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'People often discount their rape because they don't recognise the different ways rape can take place'

This week’s proposals to bring more clarity to our rape laws are an important step, writes Noeline Blackwell.

THE FORMULA TO describe the crime of rape is quite straightforward. Sexual intercourse without consent equals rape.

However, when you begin to drill into this formula then you see why, so often, in charges of rape before our courts, there is disagreement between the evidence of the person making the complaint and the person accused of the crime on whether, at the time, both parties consented to the sex.

The jury’s decision on this point alone will often decide an accused’s guilt or innocence.

We need a clear definition

It is crucial that there be a clear, accessible definition of consent. Right now to find out what it means, you have to search through Ireland’s common law. It has built up over a century of court decisions.

The most recent of these was last November, when seven judges of the Supreme Court gave their interpretation of our law on when consent exists and, crucially, when it does not exist. However, Supreme Court judgments or any judgments are not that accessible, unless you know where to look and what you are looking for.

Also, each judge gives a decision in the context of a particular case so it isn’t always easy to see the logical thread through judgments.

The Criminal Law (Sexual Offences) Bill 2015

That is why this week’s proposal by the Tánaiste and Minister for Justice and Equality to set out in black and white legislation what consent is, and what it definitely is not, is warmly welcomed by us at the Dublin Rape Crisis Centre, by our colleagues in other rape crisis centres and by many others who are working against sexual violence.

Assuming that the proposed change is included in the Criminal Law (Sexual Offences) Bill 2015, which is now coming towards the final laps in its marathon journey through the Oireachtas, we will not have any real change in the way that rape cases are dealt with by our courts.

But we will have a clear and definitive statement on that essential element of rape, the element of consent. Judges, those who have been harmed by rape, those who perpetrate rape, our society, will all be able to see that consent exists where both parties have sexual intercourse of their own free choice.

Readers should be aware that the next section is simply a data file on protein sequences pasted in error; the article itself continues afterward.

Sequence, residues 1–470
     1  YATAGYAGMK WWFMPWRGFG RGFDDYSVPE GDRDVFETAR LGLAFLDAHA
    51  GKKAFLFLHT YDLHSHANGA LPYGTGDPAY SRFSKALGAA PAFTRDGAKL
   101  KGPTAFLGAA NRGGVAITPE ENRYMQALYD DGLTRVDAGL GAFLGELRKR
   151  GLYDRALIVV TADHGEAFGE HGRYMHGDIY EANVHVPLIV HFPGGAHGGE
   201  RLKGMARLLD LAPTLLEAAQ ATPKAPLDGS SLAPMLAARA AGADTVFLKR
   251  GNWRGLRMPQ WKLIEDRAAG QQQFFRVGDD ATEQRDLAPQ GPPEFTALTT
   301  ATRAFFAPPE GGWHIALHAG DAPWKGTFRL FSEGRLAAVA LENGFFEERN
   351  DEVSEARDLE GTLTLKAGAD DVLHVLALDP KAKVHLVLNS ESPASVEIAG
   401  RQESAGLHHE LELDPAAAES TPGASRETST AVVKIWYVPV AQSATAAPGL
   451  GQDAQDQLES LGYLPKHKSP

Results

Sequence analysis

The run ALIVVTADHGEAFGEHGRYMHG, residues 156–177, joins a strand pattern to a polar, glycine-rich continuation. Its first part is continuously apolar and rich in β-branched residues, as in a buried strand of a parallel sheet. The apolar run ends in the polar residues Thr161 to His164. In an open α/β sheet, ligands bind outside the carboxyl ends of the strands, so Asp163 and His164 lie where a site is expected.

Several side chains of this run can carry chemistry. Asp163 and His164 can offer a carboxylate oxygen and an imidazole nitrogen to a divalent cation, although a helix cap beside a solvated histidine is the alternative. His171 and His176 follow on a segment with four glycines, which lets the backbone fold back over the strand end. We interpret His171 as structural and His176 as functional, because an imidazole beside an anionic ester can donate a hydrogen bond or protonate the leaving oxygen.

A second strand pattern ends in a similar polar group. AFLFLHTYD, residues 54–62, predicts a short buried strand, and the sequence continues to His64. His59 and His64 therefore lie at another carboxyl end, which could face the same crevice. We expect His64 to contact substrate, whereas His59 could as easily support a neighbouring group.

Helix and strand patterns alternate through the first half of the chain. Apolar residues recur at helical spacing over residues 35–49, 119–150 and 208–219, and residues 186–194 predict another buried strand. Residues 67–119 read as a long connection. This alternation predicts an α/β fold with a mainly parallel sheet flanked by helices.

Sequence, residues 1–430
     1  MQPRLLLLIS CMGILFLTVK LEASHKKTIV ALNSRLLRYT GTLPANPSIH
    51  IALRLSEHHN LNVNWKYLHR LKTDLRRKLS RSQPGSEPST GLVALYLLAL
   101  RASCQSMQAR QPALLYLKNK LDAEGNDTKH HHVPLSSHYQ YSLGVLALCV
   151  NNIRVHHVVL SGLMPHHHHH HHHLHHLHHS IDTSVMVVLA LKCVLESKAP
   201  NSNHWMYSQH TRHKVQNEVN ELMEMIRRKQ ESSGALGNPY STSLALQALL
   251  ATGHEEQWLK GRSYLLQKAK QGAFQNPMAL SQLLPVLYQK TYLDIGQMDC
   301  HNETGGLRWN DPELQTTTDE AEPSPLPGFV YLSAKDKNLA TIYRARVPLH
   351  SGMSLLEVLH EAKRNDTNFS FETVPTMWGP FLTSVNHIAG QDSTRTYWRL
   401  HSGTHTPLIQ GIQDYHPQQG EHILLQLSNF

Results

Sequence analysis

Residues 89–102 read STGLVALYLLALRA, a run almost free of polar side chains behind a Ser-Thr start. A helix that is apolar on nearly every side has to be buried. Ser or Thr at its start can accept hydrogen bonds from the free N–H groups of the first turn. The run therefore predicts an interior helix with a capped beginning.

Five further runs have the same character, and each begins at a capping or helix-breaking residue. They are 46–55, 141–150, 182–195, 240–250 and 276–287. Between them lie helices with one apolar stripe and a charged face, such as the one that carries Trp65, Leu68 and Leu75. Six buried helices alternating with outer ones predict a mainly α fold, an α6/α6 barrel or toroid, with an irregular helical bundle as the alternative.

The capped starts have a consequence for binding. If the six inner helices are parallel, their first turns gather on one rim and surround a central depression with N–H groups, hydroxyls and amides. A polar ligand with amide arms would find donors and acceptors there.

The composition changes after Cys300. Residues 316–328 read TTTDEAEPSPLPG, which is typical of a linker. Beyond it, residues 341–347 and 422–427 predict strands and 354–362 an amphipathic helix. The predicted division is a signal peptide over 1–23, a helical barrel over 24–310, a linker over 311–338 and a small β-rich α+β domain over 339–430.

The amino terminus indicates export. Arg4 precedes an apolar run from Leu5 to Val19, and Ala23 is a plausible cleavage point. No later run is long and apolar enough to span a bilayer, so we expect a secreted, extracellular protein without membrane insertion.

shutterstock_507639436 Shutterstock / SOMKKU Shutterstock / SOMKKU / SOMKKU

When consent does not exist

So if someone has sex with another who is asleep, who is incapacitated by drink or drugs, who is forced into sex by threats, there is no consent. Someone who continues to have sex if consent is withdrawn will commit rape.

We know from our work that people will often discount or minimise their rape because they don’t recognise the many different ways in which rape can take place and the proposed legislation makes clear that the list given is not conclusive.

The ‘honest belief’ defence

In addition to the Tánaiste’s proposals, following concerns raised by Minister Katherine Zappone TD, another troubling aspect of consent is to be referred to the Law Reform Commission: that is the low standard we set in Ireland for “honest belief” as a full defence.

As it stands, a person’s belief that the other person is consenting is a complete defence. While it must be the case that if someone reasonably thought that the person was consenting, then the accused must be acquitted.

The problem occurs when the person’s “honest belief” is the result of a bizarre, unreal thought process. They are free to leave court and continue to behave as they had before.

We believe that this is a dangerously low standard, which is now quite out-dated, and out of step with other countries’ laws. The Law Reform Commission, the Government’s own expert legal body, will undoubtedly tease this out to allow an accused to continue to defend themselves thoroughly, in a way that doesn’t lose touch with reason and reality.

Overall, these proposals to bring clarity to our rape laws are an important step in a wider conversation that our society is having about what is consensual sexual activity against what is sexual violence. That conversation must continue if we want to make Ireland a saner, safer society.

Noeline Blackwell (@Noeline_B) is a human rights lawyer and the CEO of Dublin Rape Crisis Centre. The Centre promotes discussion on the topic of consent, including through its #AskConsent campaign, part of its mission to prevent harm and heal the trauma of rape. The Centre runs a national 24-hour helpline at 1800 77 88 88.

Raping someone when they are asleep will now be explicitly illegal>

21% of Irish people think sex without consent is okay in certain situations>


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